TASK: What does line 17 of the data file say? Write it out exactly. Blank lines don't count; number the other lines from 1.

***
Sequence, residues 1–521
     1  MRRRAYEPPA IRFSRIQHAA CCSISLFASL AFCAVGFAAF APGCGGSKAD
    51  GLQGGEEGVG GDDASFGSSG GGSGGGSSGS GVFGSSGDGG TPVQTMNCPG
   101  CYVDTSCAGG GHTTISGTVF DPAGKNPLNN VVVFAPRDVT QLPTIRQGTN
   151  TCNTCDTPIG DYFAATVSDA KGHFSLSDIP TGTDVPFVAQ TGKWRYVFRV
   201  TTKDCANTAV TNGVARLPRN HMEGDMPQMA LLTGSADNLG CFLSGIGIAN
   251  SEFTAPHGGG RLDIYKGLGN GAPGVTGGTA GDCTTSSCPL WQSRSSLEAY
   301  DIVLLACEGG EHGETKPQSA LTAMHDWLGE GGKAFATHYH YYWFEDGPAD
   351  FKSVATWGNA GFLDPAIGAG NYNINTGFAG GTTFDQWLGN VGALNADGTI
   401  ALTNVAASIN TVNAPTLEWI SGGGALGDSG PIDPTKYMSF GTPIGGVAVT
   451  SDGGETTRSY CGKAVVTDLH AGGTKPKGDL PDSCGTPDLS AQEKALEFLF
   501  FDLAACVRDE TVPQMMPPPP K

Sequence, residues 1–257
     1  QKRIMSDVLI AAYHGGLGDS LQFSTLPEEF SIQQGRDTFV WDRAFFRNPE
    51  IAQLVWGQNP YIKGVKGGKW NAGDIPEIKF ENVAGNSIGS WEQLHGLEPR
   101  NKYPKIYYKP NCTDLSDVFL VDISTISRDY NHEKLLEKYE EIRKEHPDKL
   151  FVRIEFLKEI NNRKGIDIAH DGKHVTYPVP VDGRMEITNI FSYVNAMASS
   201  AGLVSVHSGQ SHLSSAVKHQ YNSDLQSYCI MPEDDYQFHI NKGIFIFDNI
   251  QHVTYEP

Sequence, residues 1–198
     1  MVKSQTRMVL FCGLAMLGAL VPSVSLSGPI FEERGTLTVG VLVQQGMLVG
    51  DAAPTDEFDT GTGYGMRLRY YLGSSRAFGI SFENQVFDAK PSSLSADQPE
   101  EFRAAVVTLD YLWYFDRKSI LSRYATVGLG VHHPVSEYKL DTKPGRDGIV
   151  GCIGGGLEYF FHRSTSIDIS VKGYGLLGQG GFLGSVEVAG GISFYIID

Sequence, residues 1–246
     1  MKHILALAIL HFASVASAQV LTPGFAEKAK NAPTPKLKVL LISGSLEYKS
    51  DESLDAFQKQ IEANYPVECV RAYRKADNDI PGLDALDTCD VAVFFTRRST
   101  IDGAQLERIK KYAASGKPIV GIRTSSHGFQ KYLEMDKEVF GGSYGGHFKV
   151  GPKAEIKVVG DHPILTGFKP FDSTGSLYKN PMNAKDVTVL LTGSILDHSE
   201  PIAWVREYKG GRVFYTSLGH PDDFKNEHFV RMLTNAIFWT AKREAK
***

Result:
   151  FVRIEFLKEI NNRKGIDIAH DGKHVTYPVP VDGRMEITNI FSYVNAMASS